Articles | Volume 11, issue 5
Hydrol. Earth Syst. Sci., 11, 1683–1701, 2007
https://doi.org/10.5194/hess-11-1683-2007
Hydrol. Earth Syst. Sci., 11, 1683–1701, 2007
https://doi.org/10.5194/hess-11-1683-2007

  18 Oct 2007

18 Oct 2007

Controls on runoff generation and scale-dependence in a distributed hydrologic model

E. R. Vivoni1, D. Entekhabi2, R. L. Bras2, and V. Y. Ivanov3 E. R. Vivoni et al.
  • 1Dept. of Earth and Environmental Science, New Mexico Institute of Mining and Technology, Socorro, NM 87801, USA
  • 2Dept. of Civil and Environmental Engineering, Massachusetts Institute of Technology, Cambridge, MA 02139, USA
  • 3Dept. of Civil and Environmental Engineering, University of Michigan, Ann Arbor, MI 48109, USA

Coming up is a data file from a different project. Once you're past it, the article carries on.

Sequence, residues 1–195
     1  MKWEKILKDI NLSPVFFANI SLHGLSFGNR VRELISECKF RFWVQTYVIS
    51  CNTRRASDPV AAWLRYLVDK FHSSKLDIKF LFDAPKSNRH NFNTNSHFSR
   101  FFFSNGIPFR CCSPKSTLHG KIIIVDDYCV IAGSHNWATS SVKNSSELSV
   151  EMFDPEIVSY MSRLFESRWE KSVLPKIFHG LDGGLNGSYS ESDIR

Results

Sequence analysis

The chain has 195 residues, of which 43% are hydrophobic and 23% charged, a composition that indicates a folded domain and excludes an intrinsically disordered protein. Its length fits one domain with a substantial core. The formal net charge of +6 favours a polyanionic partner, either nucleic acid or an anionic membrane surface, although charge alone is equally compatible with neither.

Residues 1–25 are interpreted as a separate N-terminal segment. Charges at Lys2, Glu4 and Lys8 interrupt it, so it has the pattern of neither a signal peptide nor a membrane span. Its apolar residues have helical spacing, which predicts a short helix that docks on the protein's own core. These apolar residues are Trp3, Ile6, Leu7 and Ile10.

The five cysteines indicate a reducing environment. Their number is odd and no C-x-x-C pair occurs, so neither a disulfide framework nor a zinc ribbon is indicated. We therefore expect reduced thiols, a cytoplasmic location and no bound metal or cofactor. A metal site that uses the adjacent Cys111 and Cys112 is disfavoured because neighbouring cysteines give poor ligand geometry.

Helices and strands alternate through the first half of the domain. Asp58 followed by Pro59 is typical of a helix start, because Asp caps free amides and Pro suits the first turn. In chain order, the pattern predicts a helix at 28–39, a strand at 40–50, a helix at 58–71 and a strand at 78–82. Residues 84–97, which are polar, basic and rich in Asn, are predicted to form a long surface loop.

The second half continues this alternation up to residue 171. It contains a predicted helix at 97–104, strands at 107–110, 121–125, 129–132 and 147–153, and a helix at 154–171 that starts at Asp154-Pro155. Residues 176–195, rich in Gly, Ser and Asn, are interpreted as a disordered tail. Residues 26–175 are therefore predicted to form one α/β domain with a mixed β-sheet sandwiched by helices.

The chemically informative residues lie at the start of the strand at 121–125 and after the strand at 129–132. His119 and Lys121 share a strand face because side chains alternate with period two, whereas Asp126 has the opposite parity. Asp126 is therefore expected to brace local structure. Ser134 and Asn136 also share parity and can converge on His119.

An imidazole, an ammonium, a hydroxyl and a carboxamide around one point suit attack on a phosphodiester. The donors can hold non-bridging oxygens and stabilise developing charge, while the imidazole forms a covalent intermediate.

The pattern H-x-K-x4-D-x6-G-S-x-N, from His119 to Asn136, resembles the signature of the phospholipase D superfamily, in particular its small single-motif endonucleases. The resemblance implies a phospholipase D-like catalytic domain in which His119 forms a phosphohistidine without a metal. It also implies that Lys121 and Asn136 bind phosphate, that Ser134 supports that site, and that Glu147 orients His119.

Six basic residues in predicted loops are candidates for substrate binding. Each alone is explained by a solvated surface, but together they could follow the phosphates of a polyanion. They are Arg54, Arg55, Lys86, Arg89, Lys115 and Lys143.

Abstract. Hydrologic response in natural catchments is controlled by a set of complex interactions between storm properties, basin characteristics and antecedent wetness conditions. This study investigates the transient runoff response to spatially-uniform storms of varying properties using a distributed model of the coupled surface-subsurface system, which treats heterogeneities in topography, soils and vegetation. We demonstrate the control that the partitioning into multiple runoff mechanisms (infiltration-excess, saturation-excess, perched return flow and groundwater exfiltration) has on nonlinearities in the rainfall-runoff transformation and its scale-dependence. Antecedent wetness imposed through a distributed water table position is varied to illustrate its effect on runoff generation. Results indicate that transitions observed in basin flood response and its nonlinear and scale-dependent behavior can be explained by shifts in the surface-subsurface partitioning. An analysis of the spatial organization of runoff production also shows that multiple mechanisms have specific catchment niches and can occur simultaneously in the basin. In addition, catchment scale plays an important role in the distribution of runoff production as basin characteristics (soils, vegetation, topography and initial wetness) are varied with basin area. For example, we illustrate how storm characteristics and antecedent wetness play an important role in the scaling properties of the catchment runoff ratio.

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